Archive for October, 2013
Click here for additional information about the production.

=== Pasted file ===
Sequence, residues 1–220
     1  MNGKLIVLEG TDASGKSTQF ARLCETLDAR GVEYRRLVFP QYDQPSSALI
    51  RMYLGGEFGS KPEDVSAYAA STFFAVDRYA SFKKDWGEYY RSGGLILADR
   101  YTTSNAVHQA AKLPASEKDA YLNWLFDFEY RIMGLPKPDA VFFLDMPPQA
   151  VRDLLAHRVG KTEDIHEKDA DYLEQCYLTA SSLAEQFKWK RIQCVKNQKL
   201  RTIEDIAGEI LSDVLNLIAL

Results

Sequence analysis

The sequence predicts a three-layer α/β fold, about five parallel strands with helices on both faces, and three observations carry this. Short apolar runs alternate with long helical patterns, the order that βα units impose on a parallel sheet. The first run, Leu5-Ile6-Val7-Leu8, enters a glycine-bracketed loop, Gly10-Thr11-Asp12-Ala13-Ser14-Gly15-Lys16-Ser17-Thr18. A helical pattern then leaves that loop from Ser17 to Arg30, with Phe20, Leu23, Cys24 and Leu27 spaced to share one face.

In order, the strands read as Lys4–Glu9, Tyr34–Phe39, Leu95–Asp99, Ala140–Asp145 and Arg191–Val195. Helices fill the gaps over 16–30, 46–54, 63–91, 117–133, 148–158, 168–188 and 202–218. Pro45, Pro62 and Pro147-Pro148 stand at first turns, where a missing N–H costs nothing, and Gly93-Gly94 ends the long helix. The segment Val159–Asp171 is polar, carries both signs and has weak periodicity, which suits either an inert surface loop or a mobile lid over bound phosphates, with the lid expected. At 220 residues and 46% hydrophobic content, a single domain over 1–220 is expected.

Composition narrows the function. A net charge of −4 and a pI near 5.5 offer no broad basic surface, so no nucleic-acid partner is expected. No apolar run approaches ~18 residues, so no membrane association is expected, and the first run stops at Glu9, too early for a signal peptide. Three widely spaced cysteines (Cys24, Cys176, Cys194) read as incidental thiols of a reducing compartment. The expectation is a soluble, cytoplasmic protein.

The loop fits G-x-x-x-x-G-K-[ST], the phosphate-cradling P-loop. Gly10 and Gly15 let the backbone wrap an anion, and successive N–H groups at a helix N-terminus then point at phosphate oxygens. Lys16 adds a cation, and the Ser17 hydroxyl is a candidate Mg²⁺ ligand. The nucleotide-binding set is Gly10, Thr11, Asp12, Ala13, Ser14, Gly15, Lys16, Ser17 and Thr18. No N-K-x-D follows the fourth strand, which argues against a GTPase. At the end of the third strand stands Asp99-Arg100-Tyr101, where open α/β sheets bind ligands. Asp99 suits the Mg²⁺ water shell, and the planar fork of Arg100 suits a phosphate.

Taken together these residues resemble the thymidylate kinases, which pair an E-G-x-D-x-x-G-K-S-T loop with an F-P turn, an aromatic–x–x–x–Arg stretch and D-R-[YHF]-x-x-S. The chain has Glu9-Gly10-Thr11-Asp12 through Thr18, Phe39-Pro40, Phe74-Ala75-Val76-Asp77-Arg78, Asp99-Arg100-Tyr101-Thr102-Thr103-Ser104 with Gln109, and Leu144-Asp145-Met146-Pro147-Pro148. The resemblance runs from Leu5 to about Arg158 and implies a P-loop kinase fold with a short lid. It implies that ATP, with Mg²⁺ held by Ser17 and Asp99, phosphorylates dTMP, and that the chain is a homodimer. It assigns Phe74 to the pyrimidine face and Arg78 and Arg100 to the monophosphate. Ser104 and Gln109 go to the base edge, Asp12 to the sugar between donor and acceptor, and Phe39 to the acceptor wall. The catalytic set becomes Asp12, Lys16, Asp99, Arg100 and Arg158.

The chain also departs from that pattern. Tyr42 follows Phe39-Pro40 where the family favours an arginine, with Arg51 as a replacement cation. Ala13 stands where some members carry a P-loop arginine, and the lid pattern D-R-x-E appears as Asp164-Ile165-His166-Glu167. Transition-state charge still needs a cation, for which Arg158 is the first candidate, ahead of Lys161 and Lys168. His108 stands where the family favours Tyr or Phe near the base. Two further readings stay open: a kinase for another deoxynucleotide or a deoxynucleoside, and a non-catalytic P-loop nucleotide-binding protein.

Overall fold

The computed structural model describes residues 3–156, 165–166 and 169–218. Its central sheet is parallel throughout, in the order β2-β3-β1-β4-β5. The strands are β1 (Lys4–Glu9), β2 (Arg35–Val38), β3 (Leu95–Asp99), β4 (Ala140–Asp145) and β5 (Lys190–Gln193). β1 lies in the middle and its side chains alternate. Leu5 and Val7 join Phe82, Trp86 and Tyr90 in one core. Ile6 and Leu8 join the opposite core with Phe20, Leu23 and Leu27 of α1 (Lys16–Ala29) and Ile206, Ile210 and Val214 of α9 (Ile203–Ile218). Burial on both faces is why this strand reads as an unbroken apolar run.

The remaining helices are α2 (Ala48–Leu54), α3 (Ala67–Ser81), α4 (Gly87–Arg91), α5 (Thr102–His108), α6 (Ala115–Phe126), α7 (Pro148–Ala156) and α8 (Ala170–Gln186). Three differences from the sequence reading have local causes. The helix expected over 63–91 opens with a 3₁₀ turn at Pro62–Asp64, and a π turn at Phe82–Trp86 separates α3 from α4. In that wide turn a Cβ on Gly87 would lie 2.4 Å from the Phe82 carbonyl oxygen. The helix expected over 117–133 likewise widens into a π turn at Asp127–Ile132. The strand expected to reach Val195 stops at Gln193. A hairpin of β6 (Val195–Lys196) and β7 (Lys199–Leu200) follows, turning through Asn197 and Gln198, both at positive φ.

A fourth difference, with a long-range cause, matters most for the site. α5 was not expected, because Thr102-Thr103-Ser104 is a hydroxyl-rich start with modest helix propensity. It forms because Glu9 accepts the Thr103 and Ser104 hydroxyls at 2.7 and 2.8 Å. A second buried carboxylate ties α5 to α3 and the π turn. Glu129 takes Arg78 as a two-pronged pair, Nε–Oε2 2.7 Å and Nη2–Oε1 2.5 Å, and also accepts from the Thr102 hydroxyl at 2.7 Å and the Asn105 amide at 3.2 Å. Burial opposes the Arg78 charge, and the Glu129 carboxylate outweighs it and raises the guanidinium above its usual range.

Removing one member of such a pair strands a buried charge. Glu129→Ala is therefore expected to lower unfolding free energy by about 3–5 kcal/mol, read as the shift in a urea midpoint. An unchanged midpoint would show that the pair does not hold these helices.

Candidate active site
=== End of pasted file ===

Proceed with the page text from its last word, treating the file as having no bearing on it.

click here to read online. Can you tell us about your background—how you grew up & came of age in Bosnia? TA: I was nineteen years old when war started in my country. I had just finished high school and wanted to go to acting academy. When war broke out my parents sent me away—thinking I was just going to be away for two weeks or something—because girls at the time, in Bosnia, had been targeted for concentration camps and all sorts of genocide. So I became a refugee very early in my life and ran around Europe trying to survive while my parents stayed during the siege. After a year of living in Germany, I went to Prague and studied in the acting academy where I eventually graduated. War ended and I went to London and different places. I just wanted to see more opportunities in theatre. Do you feel like that experience has in any way framed how you think about this play? Absolutely. When Brian (Kulick) called me a couple of months ago and asked me how I’d approach the play, I said this play is in a way very personal for me. It is very clear after twenty years now since the civil war happened, that actually the war was the war of my parents’ generation, not my generation. So my generation felt lost and it took us years to understand why it happened. In the same way that right now in my country, people who were born during the war inherited whatever happened. That hate and continuation of conflict keeps going. It’s very connected to ROMEO & JULIET. Often productions of ROMEO & JULIET play up the love aspect of the story, often at the expense of the strife and violence. What do you feel is the balance and how are you dealing with that? Yes, it’s important to find balance. One piece of research I brought in is a documentary called Sarajevo Romeo and Juliet. It’s real people on different sides, one Muslim, one Serbian. They were so much in love and together they decide to run during the siege. And they end up both being shot by both sides. Through that documentary you understand a lot about these people in a really deep way, and for some people love is violence, guns and war and power. During the war, you have to understand, people lived their lives. People who have never been in war may think, “Oh my God people are in war, they’re just sitting there lonely and crying.” You actually do everything—you fall in love, you go to school, you go to work. Even though there is no work, you just pretend and sit in front of a computer and pretend to be doing something. You’re trying to do your life. Can you talk about your process? The way we work is very collaborative, I want the acting company to give me their ideas. I want them to contribute to the process. We work from the text and I use different exercises to get it where it needs to go. My background in theatre is a mixture of many things. I did classical acting, I did contemporary work, and the Lecoq program. I do a combination of things to arrive where I think production needs to be. But it’s very collaborative. Your work moves between the avant-garde to interpretations of classical plays and then to new plays. How do you navigate those different theatrical zip codes? I never think of myself as somebody who does one style or the other style. Even when actors come in the room and ask about style, I say “I don’t know what you mean by that.” I’m very text-driven. And then I want to be theatrical, so I keep asking how is it different from TV and film? So we now understand what the text is doing, but now I have to understand why I have to come and see that in a theater. And then I find, with the company, our vocabulary—what that means. So with every production it’s different and unique in a way. It depends on the people working together. Can you tell me about the design of this production? Did you have an impulse to place it in a more contemporary image world? Many people ask me, “So how do you see it? Period or contemporary?” And I can’t answer that either. I look at it as performance art. I say, it’s a space. It’s architectural. Marsha Ginsberg is an amazing designer. She’s an installation artist, architect, and set designer. So the design came, after a lot of work and meetings, to be a space in which one can create performance. And performance is coming out of artists on stage. So that’s how I look at it. The costumes are, you could say, modern, but they are also very performative. Is there another Shakespeare play that you’re interested in working on and why? I would love to do all of them! I absolutely love it. There was an era when I was so afraid of it because, you have to understand, I’m forty years old and I started speaking English when I was 28. I did play Shakespeare in my mother tongue, but I was nervous about doing Shakespeare when I first started as a director. I didn’t feel it through my body. A couple of years ago, I’d been working a lot on new plays and I went back to reading classics on my own. I was just like, I want to do them all. They are so good. So good to see. Such good writing. And yes, I always want to make cuts to it, but he gives you so much. I’d love to do OTHELLO, HAMLET, KING LEAR. All of them. They’re just incredible.